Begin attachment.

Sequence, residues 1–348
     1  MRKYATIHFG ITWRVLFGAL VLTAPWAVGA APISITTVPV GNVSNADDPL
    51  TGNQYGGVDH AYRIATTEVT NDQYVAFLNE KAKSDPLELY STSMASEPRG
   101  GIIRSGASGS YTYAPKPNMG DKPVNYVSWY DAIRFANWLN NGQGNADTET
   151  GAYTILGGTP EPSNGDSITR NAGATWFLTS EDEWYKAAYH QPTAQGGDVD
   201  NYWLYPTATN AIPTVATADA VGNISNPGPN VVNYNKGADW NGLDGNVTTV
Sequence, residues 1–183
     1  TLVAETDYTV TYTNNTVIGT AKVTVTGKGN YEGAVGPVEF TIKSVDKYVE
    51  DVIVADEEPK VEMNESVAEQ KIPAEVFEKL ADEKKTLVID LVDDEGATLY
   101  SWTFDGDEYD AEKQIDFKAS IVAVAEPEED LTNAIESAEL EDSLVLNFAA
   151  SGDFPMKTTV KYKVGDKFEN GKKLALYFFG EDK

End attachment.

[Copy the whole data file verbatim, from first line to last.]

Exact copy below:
Sequence, residues 1–348
     1  MRKYATIHFG ITWRVLFGAL VLTAPWAVGA APISITTVPV GNVSNADDPL
    51  TGNQYGGVDH AYRIATTEVT NDQYVAFLNE KAKSDPLELY STSMASEPRG
   101  GIIRSGASGS YTYAPKPNMG DKPVNYVSWY DAIRFANWLN NGQGNADTET
   151  GAYTILGGTP EPSNGDSITR NAGATWFLTS EDEWYKAAYH QPTAQGGDVD
   201  NYWLYPTATN AIPTVATADA VGNISNPGPN VVNYNKGADW NGLDGNVTTV
Sequence, residues 1–183
     1  TLVAETDYTV TYTNNTVIGT AKVTVTGKGN YEGAVGPVEF TIKSVDKYVE
    51  DVIVADEEPK VEMNESVAEQ KIPAEVFEKL ADEKKTLVID LVDDEGATLY
   101  SWTFDGDEYD AEKQIDFKAS IVAVAEPEED LTNAIESAEL EDSLVLNFAA
   151  SGDFPMKTTV KYKVGDKFEN GKKLALYFFG EDK